In positive reinforcement you can use 5 different techniques to train behaviour. These 5 methods all have their pros and cons, which I have written about in here.
- Luring (using a lure to lure the horse into a behaviour with a treat)
- Molding (also sometimes referred to as ‘manipulation’, is physically guiding or otherwise coercing a horse (or one body part) into the behaviour you want to teach)
- Targeting (touching a specified surface (e.g. a target stick) with a particular body part)
- Shaping (goal behaviour is achieved by splitting the desired behaviour into many tiny steps. Each step is trained separately (clicked and reinforced)
- Capturing (‘catching’ the end behaviour as it happens and reinforcing it with a click and treat)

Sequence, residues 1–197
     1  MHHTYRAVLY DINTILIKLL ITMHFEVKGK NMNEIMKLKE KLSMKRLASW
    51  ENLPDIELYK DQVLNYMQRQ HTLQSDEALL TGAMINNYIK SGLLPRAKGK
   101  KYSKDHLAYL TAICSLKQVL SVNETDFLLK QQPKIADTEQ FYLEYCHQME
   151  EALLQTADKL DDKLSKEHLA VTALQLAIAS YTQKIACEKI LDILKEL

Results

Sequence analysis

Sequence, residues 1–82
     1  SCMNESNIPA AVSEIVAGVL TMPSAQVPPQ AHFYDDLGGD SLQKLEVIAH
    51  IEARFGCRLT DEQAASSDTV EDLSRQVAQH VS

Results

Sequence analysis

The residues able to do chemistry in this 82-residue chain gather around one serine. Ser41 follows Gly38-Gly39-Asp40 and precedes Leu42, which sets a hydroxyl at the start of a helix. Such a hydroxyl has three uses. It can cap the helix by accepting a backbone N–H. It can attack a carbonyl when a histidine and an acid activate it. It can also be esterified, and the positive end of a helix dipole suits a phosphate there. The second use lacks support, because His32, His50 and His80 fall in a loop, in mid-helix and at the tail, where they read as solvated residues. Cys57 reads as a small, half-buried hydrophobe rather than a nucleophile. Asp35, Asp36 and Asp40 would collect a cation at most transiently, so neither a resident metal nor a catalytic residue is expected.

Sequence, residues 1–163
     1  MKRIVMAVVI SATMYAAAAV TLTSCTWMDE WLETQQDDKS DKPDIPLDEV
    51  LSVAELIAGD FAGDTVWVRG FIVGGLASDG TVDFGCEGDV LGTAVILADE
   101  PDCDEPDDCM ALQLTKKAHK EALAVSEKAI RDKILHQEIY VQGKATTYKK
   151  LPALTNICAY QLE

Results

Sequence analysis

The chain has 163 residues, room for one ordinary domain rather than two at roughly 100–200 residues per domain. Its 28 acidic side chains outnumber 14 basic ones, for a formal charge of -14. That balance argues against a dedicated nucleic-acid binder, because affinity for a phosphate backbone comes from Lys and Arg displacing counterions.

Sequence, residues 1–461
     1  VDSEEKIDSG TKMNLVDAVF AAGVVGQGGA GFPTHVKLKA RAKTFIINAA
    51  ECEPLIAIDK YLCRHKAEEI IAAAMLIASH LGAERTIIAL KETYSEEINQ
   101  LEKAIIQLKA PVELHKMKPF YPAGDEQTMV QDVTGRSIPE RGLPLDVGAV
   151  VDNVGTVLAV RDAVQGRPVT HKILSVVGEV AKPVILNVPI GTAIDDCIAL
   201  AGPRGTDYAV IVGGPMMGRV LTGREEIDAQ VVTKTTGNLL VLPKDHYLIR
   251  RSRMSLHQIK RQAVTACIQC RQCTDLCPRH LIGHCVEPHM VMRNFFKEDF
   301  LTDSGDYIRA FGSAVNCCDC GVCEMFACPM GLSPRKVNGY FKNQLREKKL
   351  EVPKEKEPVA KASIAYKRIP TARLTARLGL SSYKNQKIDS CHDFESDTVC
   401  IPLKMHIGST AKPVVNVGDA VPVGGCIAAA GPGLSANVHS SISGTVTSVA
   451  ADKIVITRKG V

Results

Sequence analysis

What method do you choose
In order to teach your horse to lie down we can’t use luring effectively. Experienced trainers can use molding and use ropes to lift the horse’s legs in order to let them kneel and then lie down. This can be very dangerous; it takes great expertise to do it right and not fall into the pitfall of just forcing the horse to lie down by pulling a leg away so he gets down. Not friendly and it will not help in building trust!
In order to use targeting skillfully in lying down I guess you could teach a horse to target his sternum so he will bring it to the ground eventually and as target the legs separately in order to bend them in the way they usually lie down. Not practical! In my webinar I share ways how you can use Key Lesson Targeting effectively as a training tool to help in training your horse to lie down on cue.